"If a child comes in cardiac arrest and you don't know how much they weigh, you guess their weight. You try to remember the dose. You calculate the dose. All of that takes time and takes away from care," said Dr. Robert Luten, pediatric ER physician, University of Florida.
So Dr. Luten and his colleague Dr. Broselow developed the Broselow-Luten system. It puts a child's measurement in a color category.
"You can measure length in an emergency. You can't weigh them," said Dr. Luten.
Each color code has information and referencing specific to the emergency, as well as a matching drawer for appropriate-sized supplies. Detailed information from the computer can also be seen on a big screen TV.
"If that child is in the pink zone, you'd select the pink, then only the pink information would show up," said Dr. Luten.
There is information about medication choices and dosing conversions for every category of pediatric emergency, from severe burns to seizures. Dosing isn't just a problem in the ER.
Instead of sifting through the bowl for the right syringe, reading the fine print and guessing their growing son's weight, the Brockmeier's use the Broselow-Luten system at home.
"He's in the purple zone, getting ready to go into the yellow zone," said Kelly Brockmeier.
Purple on the height chart means purple on the syringe. It works for both acetaminophen and ibuprofen.
Saving little lives in the ER, and bringing back little smiles at home.
The Broselow-Luten system is currently being used in hospitals around the country.
Paramedics use the color measurements in pediatric emergencies. They call the information into the ER, so the medical team can have the information accessible.
Web Extra Information: Making Meds Safer For Kids
When adults enter into the emergency room, they are often given a standard dose of medication. However, when a child comes into the emergency room, doctors and nurses must quickly figure out his/her weight in order to determine the proper dose to administer. Oftentimes, in an emergency situation, putting a child on a scale to get his or her weight isn't an option. Rather than guess the proper dosing for the child, two emergency room doctors have come up with a dosing system based on the length of the child, which is a much easier measurement than weight to do in an emergency situation.
The Color Coding Hospital system was designed to streamline treatment during a pediatric emergency. The original part of the system, developed by Dr. Jim Broselow in Hickory, N.C., was a tape measure that translated a child's length into weight and grouped those measurements into a color category. Dr. Broselow teamed up with Dr. Robert Luten in Jacksonville, Fla., to create the Broselow-Luten system, also known as the Color Coding Hospital System. The new system, along with the tape measure, includes informational books and a computer system designed to give emergency health information for children according to the length and associated color.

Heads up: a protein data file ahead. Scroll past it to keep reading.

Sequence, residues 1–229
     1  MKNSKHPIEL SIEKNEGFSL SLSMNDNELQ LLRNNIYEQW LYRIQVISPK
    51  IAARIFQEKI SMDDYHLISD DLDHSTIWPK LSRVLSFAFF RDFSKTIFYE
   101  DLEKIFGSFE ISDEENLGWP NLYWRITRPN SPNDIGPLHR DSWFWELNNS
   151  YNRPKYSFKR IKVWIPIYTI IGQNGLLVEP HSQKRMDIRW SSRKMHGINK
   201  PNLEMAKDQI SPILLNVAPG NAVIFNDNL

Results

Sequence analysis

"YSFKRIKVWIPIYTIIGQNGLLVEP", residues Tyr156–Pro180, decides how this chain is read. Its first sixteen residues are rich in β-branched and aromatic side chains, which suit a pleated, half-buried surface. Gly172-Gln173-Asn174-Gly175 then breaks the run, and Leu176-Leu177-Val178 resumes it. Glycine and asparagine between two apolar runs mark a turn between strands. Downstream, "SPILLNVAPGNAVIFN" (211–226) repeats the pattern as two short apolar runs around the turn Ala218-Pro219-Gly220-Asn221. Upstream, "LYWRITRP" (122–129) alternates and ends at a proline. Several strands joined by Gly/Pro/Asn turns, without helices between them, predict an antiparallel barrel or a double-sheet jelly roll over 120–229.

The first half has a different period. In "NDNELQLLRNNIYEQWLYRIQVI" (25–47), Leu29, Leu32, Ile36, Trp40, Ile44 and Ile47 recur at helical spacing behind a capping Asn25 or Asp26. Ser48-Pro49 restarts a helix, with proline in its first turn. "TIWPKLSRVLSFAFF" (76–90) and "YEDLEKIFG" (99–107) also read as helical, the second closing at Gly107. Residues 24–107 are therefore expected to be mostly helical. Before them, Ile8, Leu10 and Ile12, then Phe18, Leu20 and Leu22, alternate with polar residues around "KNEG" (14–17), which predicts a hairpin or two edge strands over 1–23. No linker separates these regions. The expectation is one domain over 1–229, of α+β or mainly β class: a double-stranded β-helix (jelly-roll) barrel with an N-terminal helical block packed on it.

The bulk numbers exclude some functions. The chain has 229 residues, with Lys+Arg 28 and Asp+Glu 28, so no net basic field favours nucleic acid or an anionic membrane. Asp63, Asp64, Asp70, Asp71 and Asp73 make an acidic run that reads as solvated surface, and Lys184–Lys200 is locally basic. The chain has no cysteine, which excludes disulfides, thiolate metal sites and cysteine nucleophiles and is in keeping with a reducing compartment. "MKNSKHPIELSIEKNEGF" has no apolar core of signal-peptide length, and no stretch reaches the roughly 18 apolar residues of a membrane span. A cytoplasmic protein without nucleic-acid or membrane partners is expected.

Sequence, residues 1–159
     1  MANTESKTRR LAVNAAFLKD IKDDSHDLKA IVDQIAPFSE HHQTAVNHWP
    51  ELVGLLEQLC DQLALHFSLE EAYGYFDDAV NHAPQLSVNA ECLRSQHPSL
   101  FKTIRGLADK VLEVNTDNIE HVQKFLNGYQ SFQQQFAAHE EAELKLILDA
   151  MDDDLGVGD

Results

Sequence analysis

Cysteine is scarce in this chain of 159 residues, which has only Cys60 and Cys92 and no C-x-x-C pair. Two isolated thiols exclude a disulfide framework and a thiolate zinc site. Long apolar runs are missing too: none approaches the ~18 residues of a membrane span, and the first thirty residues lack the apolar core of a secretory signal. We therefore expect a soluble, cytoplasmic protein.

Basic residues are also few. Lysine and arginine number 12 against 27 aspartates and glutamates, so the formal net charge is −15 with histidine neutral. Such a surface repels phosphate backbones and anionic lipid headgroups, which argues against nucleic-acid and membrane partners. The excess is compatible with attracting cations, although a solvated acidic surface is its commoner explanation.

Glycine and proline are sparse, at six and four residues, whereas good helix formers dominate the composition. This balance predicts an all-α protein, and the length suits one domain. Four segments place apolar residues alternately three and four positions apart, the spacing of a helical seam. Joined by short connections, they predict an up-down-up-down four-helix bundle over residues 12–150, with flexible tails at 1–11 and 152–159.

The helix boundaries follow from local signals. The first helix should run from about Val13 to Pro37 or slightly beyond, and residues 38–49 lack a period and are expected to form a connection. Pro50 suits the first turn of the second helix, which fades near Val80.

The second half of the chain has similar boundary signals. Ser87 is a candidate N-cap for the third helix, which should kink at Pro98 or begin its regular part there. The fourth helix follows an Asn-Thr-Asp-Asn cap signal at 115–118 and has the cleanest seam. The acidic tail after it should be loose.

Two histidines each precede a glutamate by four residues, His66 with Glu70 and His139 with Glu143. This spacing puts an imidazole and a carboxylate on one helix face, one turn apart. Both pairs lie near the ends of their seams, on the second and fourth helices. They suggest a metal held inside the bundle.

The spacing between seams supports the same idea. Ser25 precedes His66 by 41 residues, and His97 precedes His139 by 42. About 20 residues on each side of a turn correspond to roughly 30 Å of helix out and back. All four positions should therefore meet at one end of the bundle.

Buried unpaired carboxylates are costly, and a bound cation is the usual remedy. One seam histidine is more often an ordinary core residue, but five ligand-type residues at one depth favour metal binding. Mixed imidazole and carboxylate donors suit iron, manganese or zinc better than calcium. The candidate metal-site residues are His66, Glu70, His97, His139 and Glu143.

For example, if a baby measures into the "pink zone" on the tape, he or she weighs somewhere between 6 and 7 kg. Once that child is identified as "pink," doctors can then refer to specific treatment guidelines for a child that size. The treatment information addresses not only physician-based aspects such as calculating and communicating the correct dose in milligrams but also nursing concerns such as translating a given order into the appropriate number of milliliters of a given medication to be delivered to the patient. Another part of the system is a color-coded set of drawers that contains supplies correctly sized for each color category.
COLORS AT HOME:
The Color Coding system is now reaching beyond the emergency room. Parents of rapidly growing babies aren't always aware of their child's weight when over-the-counter medicine is needed. The home Color Coding Kids system comes with a small measuring tape that's broken up into the same color categories as the hospital tape and a medicine syringe with the color coded measurements printed on it. Using the home system, parents can measure their child to see what zone he/she falls into and then fill the syringe with Tylenol or Motrin up to the matching color to get the correct dose. This also eliminates the need for parents to keep multiple syringes and cups for different medicines.
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